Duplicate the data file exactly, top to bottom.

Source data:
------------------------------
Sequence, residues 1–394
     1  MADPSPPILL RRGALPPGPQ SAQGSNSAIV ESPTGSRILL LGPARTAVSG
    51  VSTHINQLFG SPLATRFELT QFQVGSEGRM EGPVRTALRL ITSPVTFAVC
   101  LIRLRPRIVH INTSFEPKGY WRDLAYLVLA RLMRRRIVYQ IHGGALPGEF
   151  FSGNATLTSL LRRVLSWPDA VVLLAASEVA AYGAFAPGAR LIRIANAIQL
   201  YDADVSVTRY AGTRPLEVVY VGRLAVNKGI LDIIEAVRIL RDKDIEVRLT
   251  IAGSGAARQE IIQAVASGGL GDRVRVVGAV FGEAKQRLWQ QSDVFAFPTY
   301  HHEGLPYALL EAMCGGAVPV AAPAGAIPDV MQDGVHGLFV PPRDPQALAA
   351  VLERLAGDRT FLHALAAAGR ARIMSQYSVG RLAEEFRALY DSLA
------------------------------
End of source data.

Sequence, residues 1–394
     1  MADPSPPILL RRGALPPGPQ SAQGSNSAIV ESPTGSRILL LGPARTAVSG
    51  VSTHINQLFG SPLATRFELT QFQVGSEGRM EGPVRTALRL ITSPVTFAVC
   101  LIRLRPRIVH INTSFEPKGY WRDLAYLVLA RLMRRRIVYQ IHGGALPGEF
   151  FSGNATLTSL LRRVLSWPDA VVLLAASEVA AYGAFAPGAR LIRIANAIQL
   201  YDADVSVTRY AGTRPLEVVY VGRLAVNKGI LDIIEAVRIL RDKDIEVRLT
   251  IAGSGAARQE IIQAVASGGL GDRVRVVGAV FGEAKQRLWQ QSDVFAFPTY
   301  HHEGLPYALL EAMCGGAVPV AAPAGAIPDV MQDGVHGLFV PPRDPQALAA
   351  VLERLAGDRT FLHALAAAGR ARIMSQYSVG RLAEEFRALY DSLA